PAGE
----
Sunday, 10 December 2017

The A Word and Ticking Boxes

As you may already know, I am a big fan of the BBC drama, The A Word all about a family dealing with their little boy's autism.

As an autism family myself I like to use the drama to reflect how it has represented my experiences with Autism. I've not written for a few weeks, partly because the drama has followed so many different paths to the autism one and partly because I've not really had the time to analyse the episodes. I have decided to write this post though as I now have another reason to write about it. All will be revealed in a moment.

I've chosen the title ticking boxes because any parent of a child with autism or any disabilities or learning difficulties will know the relevance. In the A Word we see the family struggling to fill in a form for their autistic boy Joe's new school. Form filling is something we special needs parents know all about, whether it's for schools, for assessments or even for benefits for our children. There are forms galore and many of them pages and pages long. It doesn't stop either. In a later episode we see an older autistic boy, Mark, filling in a form for college. He read out a part of the form he'd written himself, about himself and it made me cry. A small insight into how an autistic teenager feels about trying to fit in with others.

When your child is first expected to have autism then it's forms that come first. Tick the boxes, fit the structure, get the diagnosis. Only, it's not so easy, what if your child doesn't fit? What if you can't tick the boxes?

This is the situation I find myself in right now, yet again, for the third time. My youngest, my Little Man has been having problems at school and after a meeting with his teacher the other day, she has suggested that we see about getting him assessed for autism.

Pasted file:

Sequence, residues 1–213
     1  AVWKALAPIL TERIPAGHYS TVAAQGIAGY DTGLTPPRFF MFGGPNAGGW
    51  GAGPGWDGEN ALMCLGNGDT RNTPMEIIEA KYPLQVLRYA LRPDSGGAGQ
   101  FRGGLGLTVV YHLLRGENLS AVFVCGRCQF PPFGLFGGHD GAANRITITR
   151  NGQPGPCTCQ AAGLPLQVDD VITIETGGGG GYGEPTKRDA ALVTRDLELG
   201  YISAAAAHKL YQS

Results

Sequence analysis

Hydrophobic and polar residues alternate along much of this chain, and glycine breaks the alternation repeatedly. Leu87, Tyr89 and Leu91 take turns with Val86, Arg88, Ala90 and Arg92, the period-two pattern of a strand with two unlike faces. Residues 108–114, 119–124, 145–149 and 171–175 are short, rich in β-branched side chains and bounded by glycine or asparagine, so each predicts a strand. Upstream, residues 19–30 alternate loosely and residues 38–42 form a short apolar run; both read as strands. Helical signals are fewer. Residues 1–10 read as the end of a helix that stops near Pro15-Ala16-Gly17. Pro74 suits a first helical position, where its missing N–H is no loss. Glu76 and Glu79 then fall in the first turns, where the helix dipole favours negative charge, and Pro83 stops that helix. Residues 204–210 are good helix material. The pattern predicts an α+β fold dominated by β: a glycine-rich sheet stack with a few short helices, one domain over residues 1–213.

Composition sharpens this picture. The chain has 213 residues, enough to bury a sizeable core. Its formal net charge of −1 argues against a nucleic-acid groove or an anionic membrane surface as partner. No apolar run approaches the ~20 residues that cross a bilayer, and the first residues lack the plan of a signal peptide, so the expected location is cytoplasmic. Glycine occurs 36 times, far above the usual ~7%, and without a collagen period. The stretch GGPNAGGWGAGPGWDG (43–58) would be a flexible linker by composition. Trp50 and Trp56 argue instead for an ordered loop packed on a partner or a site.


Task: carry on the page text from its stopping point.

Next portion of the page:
I can't say I've never thought about it but he just doesn't tick the boxes. But, no autistic child is the same so even though I have two already it's still possible to have a third that's totally different. The thing is, in my heart, I really don't think he has autism, I think maybe he has an Attention Deficit Disorder. I guess the only way to find out is to get him assessed and that's probably what we need to get started on.

Both my eldest and Star were different from birth, they didn't sleep, they didn't settle, they were mostly unhappy. Then they didn't fit in with other children, they didn't play the same way. They were both vocal but difficult to converse with. They both had echolia and vacant episodes. They both had trouble at school which led to them being assessed. They both ticked many of the boxes for autism...yet, they are not very much alike, they are very different characters.

The Little Man was a quiet baby, but clingy. He didn't like being apart from me or his Dad. He was very floppy and instead being played with he preferred to lie flat on our laps. He didn't even like sitting up. He did sleep okay but that's probably because we co-shared our bed with him. We were in a much smaller house with a baby we hadn't planned for and all our space was taken up, so we had no choice but to share with him. (When we moved house he took the transition to his own bedroom really well!)

He didn't walk until he was nearly two years old and then he just ran everywhere, the phrase 'you can't run until you can walk' had little meaning to him. He was also a slow speaker. The health visitor suggested that we sent him to a pre-school group for two and half days a week. He was only two and would be all day for two days, meaning he had lunch there as well. It was a difficult decision for me as I'd cared for all my children until they were old enough for nursery, he was still a baby to me. But, it did him good, he soon caught up with all his peers and he even toilet trained while there.